A sparsely known fashion label C&A introduces a new initiative called ‘Fashion-like’ in it’s Brazillian store. A unique feature to import ‘likes’ on a particular clothing as compared to another may interest other labels too!
In an age when the ‘likes’ can be bought and influenced using facebook Ads, maybe if an unbiased way of finding that out is tailored, it may prove to be the next generation deciding feature in fashion and apparel design.
This is doable using an Arduino too! Probably with a lot more features!
Many times you would have wished that you could take care of your dog remotely instead of letting a careless friend handle him. The answer to the problem is this ingenious twitter based feeding device by Nat Morris.
Theres a Nanode microcontroller (an Arduino clone with ENC28J60 ethernet), LCD screen from an old Dell laser printer, the stepper motor mechanism is out of a HP Deskjet 500 from the 90’s. The stepper is controlled via a ULN2003 and a 555 timer is used for the buzzer. Theres a pair of IP cameras (ones broke at the moment) and a server process which polls twitter and co-ordinates it all.
So how many more applications can you think of using the same concept?
Impressing automotive hacking lets this FIAT car moving by the number of “like” from the Guarana Antarctica Facebook Fan Page. The advertising idea is simple: let the social audience support this Sau Paulo to Salvador trip to reach the Carnivalby commenting / “liking” the page. The onboard Arduino ADK (connected to a tablet and the internet) allows the car going on by a certain amount of meters (apparently one “like” is 10 meters, while each comment lets the car go ahead for 20 meters).
[Viorel] wrote me about an interesting project he and his friends from Robofun developed during the 2011 Yahoo Open Hack in Bucharest, and won the Hacker’s Choice Award. The diorama becomes a physical representation of tour friends’ behaviours.
If you’re a both nature lover and a geek, you would certainly love the Yahoo Farm. The Yahoo Farm is a 60 cm wide diorama, sitting in your bedroom and bringing you online data from the Yahoo ecosystem.
For example, the wind mill rotation below is directly controlled by the wind speed outside (being connected to the Yahoo Weather API), the hand-painted backgrounds are switched according to the weather state, a new sheep is coming out of the barn each time one of your friends gets online on Yahoo Messenger, and each new email lights up a fruit in the Email Tree.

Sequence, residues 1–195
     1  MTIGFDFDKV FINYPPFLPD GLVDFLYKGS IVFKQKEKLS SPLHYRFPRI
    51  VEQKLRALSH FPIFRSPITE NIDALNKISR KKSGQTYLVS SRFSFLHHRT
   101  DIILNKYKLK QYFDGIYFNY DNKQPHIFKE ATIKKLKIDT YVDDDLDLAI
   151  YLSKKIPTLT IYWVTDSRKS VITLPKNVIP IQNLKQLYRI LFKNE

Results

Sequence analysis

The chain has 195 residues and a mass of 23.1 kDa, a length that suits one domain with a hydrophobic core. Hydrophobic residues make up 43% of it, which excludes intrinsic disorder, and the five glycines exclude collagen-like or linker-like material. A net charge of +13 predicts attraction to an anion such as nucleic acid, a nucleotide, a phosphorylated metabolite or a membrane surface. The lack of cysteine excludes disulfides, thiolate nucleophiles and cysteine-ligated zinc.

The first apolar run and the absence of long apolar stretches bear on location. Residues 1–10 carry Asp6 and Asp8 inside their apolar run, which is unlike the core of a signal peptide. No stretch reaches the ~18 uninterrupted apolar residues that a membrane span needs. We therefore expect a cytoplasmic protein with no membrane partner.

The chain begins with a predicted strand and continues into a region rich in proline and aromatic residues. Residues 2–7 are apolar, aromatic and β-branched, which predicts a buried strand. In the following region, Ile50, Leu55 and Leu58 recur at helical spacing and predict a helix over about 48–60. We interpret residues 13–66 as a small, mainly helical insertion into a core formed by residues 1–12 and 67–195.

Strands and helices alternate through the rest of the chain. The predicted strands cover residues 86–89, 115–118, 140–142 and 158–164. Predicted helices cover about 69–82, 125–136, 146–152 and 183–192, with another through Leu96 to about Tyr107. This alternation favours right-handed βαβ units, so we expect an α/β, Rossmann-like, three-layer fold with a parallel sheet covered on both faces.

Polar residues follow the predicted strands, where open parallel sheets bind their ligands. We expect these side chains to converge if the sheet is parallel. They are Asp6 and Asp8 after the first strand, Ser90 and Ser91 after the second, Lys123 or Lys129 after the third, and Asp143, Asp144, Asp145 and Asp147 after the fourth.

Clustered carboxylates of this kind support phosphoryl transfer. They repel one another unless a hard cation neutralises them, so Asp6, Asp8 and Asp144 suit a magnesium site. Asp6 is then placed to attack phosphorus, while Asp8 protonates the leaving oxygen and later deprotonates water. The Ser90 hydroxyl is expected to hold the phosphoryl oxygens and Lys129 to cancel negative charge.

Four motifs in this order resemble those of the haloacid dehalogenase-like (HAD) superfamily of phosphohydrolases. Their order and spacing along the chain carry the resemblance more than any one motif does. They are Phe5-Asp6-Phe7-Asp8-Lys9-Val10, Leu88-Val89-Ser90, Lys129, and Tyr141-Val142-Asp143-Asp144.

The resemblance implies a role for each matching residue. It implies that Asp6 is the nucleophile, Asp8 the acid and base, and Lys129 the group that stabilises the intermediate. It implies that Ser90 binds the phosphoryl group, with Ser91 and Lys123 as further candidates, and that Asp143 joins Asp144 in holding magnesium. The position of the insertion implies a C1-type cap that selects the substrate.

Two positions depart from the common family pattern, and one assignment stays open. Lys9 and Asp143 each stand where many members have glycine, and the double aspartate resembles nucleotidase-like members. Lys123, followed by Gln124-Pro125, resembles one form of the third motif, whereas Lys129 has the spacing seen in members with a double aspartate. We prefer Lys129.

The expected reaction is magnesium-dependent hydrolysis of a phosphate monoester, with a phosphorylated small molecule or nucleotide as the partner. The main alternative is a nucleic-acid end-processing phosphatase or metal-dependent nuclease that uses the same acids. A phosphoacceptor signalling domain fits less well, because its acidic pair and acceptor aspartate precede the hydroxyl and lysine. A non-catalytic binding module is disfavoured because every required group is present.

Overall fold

This is an art project born as the collaboration between Varvara Guljajeva and Mar Canet. During the last couple of years they have been collaborating in the creation of several interactive installations, some of them containing Arduino boards. The Rythm of City is about to be presented in the following weeks at the Czec Festival Enter5 and has pretty good online documentation, so I think it is interesting to show it here.
(c) 2011 Rythms by Canet and Guljajeva
The Rhythm of City(2011) is a mixed reality real-time artwork that applies geo-located social data for an artistic purpose. It is an art installation that explains in original way digital geo-located social content and characterizes cities [...] Moreover, we would like to give an alternative meaning and purpose to the location-specific invisible online data. In short, the artwork makes invisible information visible and even audible.
[...] Important thing is that we do not rely on single social network but multiple. At the moment we are applying Twitter, Youtube, and Flickr. We plan extend our selection.
The installation controls 10 metronomes via servomotors using one Arduino Mega2560, The data to decide whether the metronome should be active and how active it should be is taken from geo-tagged posts to social networks. The following video hints how it works with 5 linked cities represented by 5 metronomes:
Arduino Forum User [Donster] posted a project about a Christmas Tree whose lights are lit by the word “Merry Christmas” on twitter:
The basic idea is having the lights on the Christmas Tree turning on everytime someone tweets “Merry Christmas”.
It’s still pretty much a prototype but you get the idea. Sometimes the live stream gets out of synch with the tweet overlays, but generally it stays on track.
The actual setup is really all based off a lot of relays running 12V 1W LED’s. I started out with 10W halogens and after a few burnt tree branches I decided to try and find an LED which gave off as little heat as possible! It also meant a 20Amp powerpack could run all 30 lights.